Choosing the Right Law School / Re: $$$ or Prestige
« on: January 24, 2006, 12:22:04 PM »
No one can really answer this question unless you give us some insight into who you are and what you want out of a legal education. Are you single or a family man? What type of law do you want to practice? Where do you want to practice? How much college debt have you acquired to date? These are important questions in determining where you want to go. BC is much more prestigious and it'll be easier to make more money as a graduate from its program. But that all depends on where you practice and what kind of law you work in. Another key question I think isn't getting addressed is what the prestige value of going to Val and being in the top 10% of your class is versus going to Boston and having much tougher competition for the higher positions.

If the LSAT is really a questionable indicator of law school performance why do most law schools favor it above all other factors? I hate to resort to the authoritative argument, but I give these schools (some of which have been doing this for over a century) some credit that they know what makes a good prospect and what doesn't. Honestly, if you are going to suggest that the LSAT means so little then this is something you're gonna need to account for.


So, to answer your question, people go to non-ABA schools because they want to be lawyers, and have realized what you have yet to grasp--reputation is one thing, but drive and ability overpowers repuation 9 days of the week.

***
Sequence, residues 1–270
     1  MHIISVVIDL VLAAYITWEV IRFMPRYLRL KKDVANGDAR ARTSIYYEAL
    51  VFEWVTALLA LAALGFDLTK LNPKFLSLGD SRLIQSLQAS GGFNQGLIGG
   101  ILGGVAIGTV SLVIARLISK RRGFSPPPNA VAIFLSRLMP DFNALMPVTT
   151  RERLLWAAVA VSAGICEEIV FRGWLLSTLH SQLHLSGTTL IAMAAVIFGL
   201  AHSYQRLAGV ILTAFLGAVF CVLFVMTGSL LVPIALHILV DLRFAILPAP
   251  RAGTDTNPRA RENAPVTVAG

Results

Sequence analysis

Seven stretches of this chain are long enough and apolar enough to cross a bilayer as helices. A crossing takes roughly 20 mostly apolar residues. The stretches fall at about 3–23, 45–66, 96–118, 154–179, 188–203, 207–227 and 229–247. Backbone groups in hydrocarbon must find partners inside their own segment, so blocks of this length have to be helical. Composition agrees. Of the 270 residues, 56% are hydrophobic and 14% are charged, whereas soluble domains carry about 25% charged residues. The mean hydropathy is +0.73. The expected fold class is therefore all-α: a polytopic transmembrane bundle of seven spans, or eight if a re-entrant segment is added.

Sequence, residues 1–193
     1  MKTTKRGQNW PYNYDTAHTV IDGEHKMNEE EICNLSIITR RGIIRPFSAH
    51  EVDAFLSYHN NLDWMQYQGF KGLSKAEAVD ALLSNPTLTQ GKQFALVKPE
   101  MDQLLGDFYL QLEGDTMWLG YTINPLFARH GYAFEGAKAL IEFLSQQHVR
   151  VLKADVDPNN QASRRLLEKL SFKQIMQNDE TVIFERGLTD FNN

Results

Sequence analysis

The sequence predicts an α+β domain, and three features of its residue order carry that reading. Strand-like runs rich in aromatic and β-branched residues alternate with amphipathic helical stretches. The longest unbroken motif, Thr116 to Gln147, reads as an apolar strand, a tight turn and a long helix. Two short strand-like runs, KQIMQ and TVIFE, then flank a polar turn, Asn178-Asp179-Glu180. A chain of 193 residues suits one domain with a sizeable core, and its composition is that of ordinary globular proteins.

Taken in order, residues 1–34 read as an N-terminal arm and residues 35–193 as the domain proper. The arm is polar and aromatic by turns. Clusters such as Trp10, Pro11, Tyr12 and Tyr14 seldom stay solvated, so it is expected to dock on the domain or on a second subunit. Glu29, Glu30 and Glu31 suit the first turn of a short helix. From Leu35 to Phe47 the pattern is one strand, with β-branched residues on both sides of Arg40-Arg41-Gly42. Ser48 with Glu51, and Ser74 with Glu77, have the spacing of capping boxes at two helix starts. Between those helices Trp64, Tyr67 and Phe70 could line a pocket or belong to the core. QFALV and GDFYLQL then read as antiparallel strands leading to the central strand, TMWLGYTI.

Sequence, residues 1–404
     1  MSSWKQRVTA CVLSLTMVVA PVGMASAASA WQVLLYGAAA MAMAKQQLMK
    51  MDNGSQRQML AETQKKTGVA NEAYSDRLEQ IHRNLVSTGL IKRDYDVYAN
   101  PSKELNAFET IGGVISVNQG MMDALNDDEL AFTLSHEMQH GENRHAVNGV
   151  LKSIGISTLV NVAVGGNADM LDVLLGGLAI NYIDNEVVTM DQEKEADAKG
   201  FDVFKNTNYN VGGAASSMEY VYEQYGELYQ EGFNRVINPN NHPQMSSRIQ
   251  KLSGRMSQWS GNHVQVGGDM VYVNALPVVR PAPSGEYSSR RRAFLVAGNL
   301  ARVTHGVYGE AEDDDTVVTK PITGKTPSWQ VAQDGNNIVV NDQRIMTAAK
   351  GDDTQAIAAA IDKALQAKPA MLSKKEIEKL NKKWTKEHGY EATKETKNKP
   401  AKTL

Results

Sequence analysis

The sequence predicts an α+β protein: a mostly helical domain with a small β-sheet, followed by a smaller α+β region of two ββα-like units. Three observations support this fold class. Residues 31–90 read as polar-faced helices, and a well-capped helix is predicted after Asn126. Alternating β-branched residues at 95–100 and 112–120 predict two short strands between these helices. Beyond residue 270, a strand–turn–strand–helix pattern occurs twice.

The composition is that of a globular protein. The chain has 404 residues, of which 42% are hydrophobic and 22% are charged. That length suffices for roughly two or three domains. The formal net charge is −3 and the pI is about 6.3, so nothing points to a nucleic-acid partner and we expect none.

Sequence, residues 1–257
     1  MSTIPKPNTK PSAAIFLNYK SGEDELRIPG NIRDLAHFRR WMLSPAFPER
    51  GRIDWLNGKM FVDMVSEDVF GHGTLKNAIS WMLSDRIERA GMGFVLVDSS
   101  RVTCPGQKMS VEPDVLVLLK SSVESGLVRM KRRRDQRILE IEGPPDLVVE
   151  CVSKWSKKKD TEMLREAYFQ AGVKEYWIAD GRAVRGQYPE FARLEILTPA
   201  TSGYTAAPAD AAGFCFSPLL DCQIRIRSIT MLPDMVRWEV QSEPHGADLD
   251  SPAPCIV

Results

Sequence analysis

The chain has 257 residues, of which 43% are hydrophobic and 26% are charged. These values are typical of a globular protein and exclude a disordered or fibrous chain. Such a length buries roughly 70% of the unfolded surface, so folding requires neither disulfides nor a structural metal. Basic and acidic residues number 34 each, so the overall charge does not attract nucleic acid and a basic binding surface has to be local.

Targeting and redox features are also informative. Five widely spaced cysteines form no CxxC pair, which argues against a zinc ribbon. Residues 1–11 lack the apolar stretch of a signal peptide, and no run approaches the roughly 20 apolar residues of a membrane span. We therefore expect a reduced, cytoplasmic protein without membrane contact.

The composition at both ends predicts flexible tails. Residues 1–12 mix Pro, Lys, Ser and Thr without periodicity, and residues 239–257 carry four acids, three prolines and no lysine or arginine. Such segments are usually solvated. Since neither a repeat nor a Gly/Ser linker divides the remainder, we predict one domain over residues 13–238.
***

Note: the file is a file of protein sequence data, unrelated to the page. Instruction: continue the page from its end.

Ouch, okay. Well, like my first post said I thought if you're school wasn't accreditted you couldn't take the bar and therefore couldn't become a practicing lawyer. Apparently, you can take the bar in your own state and maybe in other states. My question wasn't meant to be derogatory towards the schools or the people that go to them, it just didn't make sense to me from my understanding of how the bar worked (which was mistaken). However, while I do agree that drive and ability are what it boils down to for success in life I don't think you can discount the pull that reputation has in where you can work and what you can do, especially in law. HYS grads can get the internships and the jobs without being the best in their class while tier 3s and 4s need to be in the top 10% to do a lot of the same. I can only imagine its even harder for non accreditted schools even though their cirriculum and instructors might be better than many of the 3s and 4s.

Law School Admissions / Re: What's your undergrad school's average LSAT?
« on: January 23, 2006, 01:40:28 PM »

go big red, baby!

Goooo Biiig Reeed! GO BIG RED!

Law School Admissions / Re: Are all late applicants screwed ?